Bellingham's Kalysta Crawford stood atop the podium, thinking little of her accomplishments.
Despite having just won first place in the Juvenile B Loops division at the USA Roller Sports Nationals in Albuquerque, N.M., her mind, and attention, had wandered elsewhere.
"At nationals, when she was standing up at the top of the podium, she was clapping and cheering for the other girls that were getting second and third place," Crawford's mother, Roxann Crawford, said in a phone interview. "She was so excited for them, because she sees everyone as her friend, not her competitor."
Crawford had much to be excited about herself, adding a third-place finish in the Juvenile A Loops four days later.
It was a tremendous, albeit rigorous, month for the roller skater. Just days before heading to nationals, Crawford grabbed three first-place medals, three second-place medals and four third-place medals at the 2013 Northwest Region Roller Figure Skating Championships in Portland, Ore.
She was also chosen as the Rudy Leppin Award winner, given to the roller skater with the most outstanding sportsmanship. The way she sees it, though, she's just rooting for her friends, which isn't hard to do.
"It's because they are good friends and I don't see them a lot, and I like to be nice to them when I see them," she said in a phone interview.
Her excitement for figure roller skating seems to have no bounds, and her ascension within the sports is by no means an accident or a coincidence.
A typical summer for a typical 9-year-old would usually be filled with tales of mischief and play, basking in the sun for hours on end. Crawford's is that of a different story, because she's not most 9-year-olds.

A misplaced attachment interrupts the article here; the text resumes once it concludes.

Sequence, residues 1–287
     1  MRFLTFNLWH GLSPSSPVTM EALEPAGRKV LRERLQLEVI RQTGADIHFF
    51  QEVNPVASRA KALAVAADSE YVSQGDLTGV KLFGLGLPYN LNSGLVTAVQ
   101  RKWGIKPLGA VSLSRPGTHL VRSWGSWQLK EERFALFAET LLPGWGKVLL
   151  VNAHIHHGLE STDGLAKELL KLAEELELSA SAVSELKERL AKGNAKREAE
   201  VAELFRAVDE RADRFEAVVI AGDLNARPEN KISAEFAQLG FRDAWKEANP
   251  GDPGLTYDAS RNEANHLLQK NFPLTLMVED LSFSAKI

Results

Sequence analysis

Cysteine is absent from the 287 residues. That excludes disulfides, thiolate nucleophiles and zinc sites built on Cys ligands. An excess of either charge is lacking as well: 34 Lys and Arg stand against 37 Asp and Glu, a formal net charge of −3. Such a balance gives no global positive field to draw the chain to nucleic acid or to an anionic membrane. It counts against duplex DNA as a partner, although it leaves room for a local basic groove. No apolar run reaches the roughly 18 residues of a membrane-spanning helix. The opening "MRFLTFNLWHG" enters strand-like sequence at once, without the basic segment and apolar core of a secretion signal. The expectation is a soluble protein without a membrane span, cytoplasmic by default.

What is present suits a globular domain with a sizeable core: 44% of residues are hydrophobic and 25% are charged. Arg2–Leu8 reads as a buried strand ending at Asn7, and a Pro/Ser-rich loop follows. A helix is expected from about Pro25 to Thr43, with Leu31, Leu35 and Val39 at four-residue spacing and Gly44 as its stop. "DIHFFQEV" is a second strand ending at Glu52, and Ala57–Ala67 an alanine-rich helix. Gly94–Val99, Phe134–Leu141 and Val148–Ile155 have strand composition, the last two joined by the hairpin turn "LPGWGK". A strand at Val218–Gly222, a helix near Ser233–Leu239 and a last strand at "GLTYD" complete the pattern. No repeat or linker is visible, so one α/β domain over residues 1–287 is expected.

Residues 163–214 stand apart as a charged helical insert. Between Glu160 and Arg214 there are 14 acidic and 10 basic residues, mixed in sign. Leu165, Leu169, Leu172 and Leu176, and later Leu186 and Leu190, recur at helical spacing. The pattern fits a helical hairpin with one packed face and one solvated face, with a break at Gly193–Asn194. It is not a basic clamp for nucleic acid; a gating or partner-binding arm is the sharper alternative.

She spends her time practicing at the Lynden Skateway. Drives from Bellingham to Lynden have become a ritual for the Crawford family as she frequents the rink at the Lynden Skateway, at very minimum, six days a week. Sometimes even seven.
And she's not there for just a few hours, her mother notes, the practice sessions can run upward of six hours.
But she doesn't pay any mind to that.
"I love it. It's my favorite thing to do out of everything," Kalysta said.
That doesn't mean some days aren't more difficult than others.
"I like it so much that I suck it up, and if it hurts, well, it doesn't usually hurt anymore," she said. "It's just my passion."
It takes a certain level of dedication needed to get where she wants to go. Even at her age, her mother has noticed an unwavering directness in the goals she has set out for herself.
"She has dreams of making the junior world's team," Roxann said. "That's why she works so hard. She wants to get there, and you can do that once you are 12 years old.
"That's all she talks about at home. Junior world's team, and traveling the world skating and doing what she wants to do. She knows that if she really wants to do that, she has to work really hard to get there."
Only three positions are available each year on the junior world's team, Roxann added, so the level of competition vying for those positions is high to say the least.
It's been an exciting journey to watch Crawford grow into the skater she is, especially for her mother. Roxann Crawford works for Federal Emergency Management Agency (FEMA) and has spent much of the last year away from her family working on the aftermath of Hurricane Sandy, and then her most recent job in Alabama that ended July 19.
"I'm always surprised by how much she has grown in her sport," Roxann said. "When I leave, it looks one way. And when I come back, she has improved and I can see all the work she has put in. I'm always so proud of her for working so hard, and for putting in that time and effort."
Like any child, big, prestigious venues are a stage to perform well not just for an audience, but for the parents that invest all their time for their child.
"I wanted to show her I had been working hard," Kalysta said. "My mom is my best friend. It means a lot because I know that she loves me."